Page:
The OAuth tokens that the Chrome Developer Dashboard provides are limited in scope, which means that they can only be used to make Licensing API calls. They can’t be used to make calls to other authenticated Google APIs or for anything else.
Once you’re ready to make authenticated calls, give the API a try by making your first request. For more information read the Licensing API docs, try out the Getting Started tutorial, check out the samples, and watch the video below:
Note that current version of the Licensing API is a stub, which means that it doesn’t return live data that’s based on purchases just yet. Instead, it returns dummy responses that you can use to verify the various scenarios of your implementation. However the protocol, response format, and URL endpoints of the API are all final, so your implementation shouldn’t need to change before the final launch of the store.
And my sincerest apologies for sharing this with you, but it's one of those "Dude this taste like crap. Here, try some." situations.
Got my hands up. They're playing my song. And now I'm going to be OK. It's a party in the U.S.A.
As we pointed out earlier, today is Google Chrome’s second birthday. Since it launched in beta on September 2, 2008, it has come a long way (it’s already 6 versions deep). Back then, it was Windows-only, with official Mac and Linux support only coming late last year. But now it’s on the verge of another milestone: becoming the top browser coming to this site.
I’ve checked out our logs over the past few years to see how well Chrome has been doing compared to its rival browsers. The numbers are shockingly strong for such a new entry — particularly in the past year. Obviously, TechCrunch has a tech-centric audience, but I don’t think it’s off-base to say that you’re also a leading audience of early adopters that often point to where the general public will be in the future.
The numbers are clear: Firefox is in trouble. It has been the top browser since we began using Google Analytics to record stats back in 2007. By 2008, it was nearly 25 percentage points ahead of the next closest rival, Internet Explorer. As of yesterday, it stood just 3 percentage points ahead of the next closest rival, Chrome.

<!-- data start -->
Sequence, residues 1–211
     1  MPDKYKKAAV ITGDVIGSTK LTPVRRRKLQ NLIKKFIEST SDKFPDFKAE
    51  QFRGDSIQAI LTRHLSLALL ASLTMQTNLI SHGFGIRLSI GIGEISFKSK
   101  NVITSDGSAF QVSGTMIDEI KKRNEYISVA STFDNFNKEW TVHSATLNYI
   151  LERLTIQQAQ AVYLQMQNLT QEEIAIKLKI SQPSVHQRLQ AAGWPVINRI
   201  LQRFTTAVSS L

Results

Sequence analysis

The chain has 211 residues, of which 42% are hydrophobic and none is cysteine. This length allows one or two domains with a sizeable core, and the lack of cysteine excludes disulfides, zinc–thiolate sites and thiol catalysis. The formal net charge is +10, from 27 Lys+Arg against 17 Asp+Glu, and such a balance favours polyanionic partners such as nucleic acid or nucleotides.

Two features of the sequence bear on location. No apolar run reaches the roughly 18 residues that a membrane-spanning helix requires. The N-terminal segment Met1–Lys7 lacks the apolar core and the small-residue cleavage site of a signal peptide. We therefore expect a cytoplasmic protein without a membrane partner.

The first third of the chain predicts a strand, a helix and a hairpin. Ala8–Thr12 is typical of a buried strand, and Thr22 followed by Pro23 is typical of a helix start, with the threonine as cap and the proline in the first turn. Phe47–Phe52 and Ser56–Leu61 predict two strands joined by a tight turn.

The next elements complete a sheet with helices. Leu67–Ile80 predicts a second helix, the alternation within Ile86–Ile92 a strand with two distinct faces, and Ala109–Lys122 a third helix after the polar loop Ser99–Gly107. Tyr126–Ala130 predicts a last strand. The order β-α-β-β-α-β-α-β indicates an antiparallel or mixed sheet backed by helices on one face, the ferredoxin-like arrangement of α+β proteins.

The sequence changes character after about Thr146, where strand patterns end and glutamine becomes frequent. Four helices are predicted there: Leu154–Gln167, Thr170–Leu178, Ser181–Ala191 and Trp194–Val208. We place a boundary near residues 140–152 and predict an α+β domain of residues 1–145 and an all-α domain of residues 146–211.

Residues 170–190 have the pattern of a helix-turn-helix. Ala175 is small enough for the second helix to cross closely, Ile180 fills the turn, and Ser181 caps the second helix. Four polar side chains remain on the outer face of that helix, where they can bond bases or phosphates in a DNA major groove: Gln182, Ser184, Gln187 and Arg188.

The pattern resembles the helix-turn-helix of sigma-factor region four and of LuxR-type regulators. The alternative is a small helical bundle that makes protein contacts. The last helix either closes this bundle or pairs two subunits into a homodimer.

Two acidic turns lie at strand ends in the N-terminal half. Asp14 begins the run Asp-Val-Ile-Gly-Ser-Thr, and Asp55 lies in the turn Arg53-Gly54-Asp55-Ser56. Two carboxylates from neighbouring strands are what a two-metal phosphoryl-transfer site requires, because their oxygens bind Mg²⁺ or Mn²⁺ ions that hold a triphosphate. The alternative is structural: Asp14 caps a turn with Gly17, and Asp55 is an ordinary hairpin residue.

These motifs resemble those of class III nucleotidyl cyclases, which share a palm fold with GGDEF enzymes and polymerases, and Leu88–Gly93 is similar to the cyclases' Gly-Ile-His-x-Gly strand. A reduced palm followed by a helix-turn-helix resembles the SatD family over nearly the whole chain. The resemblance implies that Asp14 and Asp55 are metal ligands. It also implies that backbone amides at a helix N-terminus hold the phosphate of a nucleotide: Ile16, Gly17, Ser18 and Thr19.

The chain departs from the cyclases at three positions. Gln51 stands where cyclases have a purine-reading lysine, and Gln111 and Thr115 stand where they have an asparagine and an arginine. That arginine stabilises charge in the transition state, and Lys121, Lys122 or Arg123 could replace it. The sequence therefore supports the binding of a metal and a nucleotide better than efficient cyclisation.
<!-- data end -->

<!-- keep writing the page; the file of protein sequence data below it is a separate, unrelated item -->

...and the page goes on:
Here are the numbers. In August 2010 (the month that just ended):
- Firefox: 33.98%
- Chrome: 26.22%
- Safari: 18.40%
- IE: 13.23%
- Mozilla Compatible Agent: 5.46%
One year ago, in August 2009 (right before Chrome’s first birthday), the numbers looked like this:
- Firefox: 45.91%
- IE: 20.61%
- Safari: 18.85%
- Chrome: 10.09%
- Mozilla Compatible Anent: 1.83%
Two years ago, in August 2008 (right before Chrome launched), the numbers looked like this:
- Firefox: 55.63%
- IE: 31.21%
- Safari 9.76%
- Opera: 2.23%
- Mozilla: 0.62%
By September 2008, the month Chrome launched in beta, it had an immediate impact. But remember, it was Windows-only at the time:
- Firefox: 52.36%
- IE: 28.55%
- Safari: 9.18%
- Chrome: 6.58%
- Opera: 2.05%
And just for fun, let’s go back three full years, to August 2007.
- Firefox: 48.81%
- IE: 40.61%
- Safari: 6.59%
- Opera: 2.29%
- Mozilla: 0.72%
Chrome has clearly taken a bite out of Firefox, IE, and even Opera’s already small share. Safari is up big over the past couple of years as well, but its growth has seemingly stalled over the past year — despite iPad browser usage (in terms of visits to TechCrunch) exploding.
Of course, overall traffic to TechCrunch is also way up over these past few years. It just appears that more and more people who are visiting are now doing so via Chrome.
Let’s look at the numbers from yesterday:
- Firefox: 34.68%
- Chrome: 31.09%
- Safari: 15.65%
- IE: 12.77%
- Mozilla Compatible Agent: 3.48%
Yes, it’s just a matter of time before Chrome is on top.
As a humorous aside, IE with Chrome Frame, the plug-in Google made to make IE behave like Chrome, is now a bigger source of traffic to TechCrunch than Opera Mini or BlackBerry. While still tiny, it too is growing.
Windows/Mac/Linux: Two years after its inception, web browser Google Chrome reaches version 6 in its stable release today, bringing with it the much sought-after extension syncing, form autofill and autofill syncing, and an even more streamlined UI. More »
It's Chrome's second birthday today, and in addition to posting some fancy-schmancy images to celebrate Google Chrome's stable channel has been bumped to version 6. For those of you still keeping tabs on version changes, it's only been four months since Chrome 5 went stable.
The update means that all Chrome users can now take advantage of extension and autofill sync -- both important parts of Google's desire to keep your 'browsing platform' uniform across all the computers you use.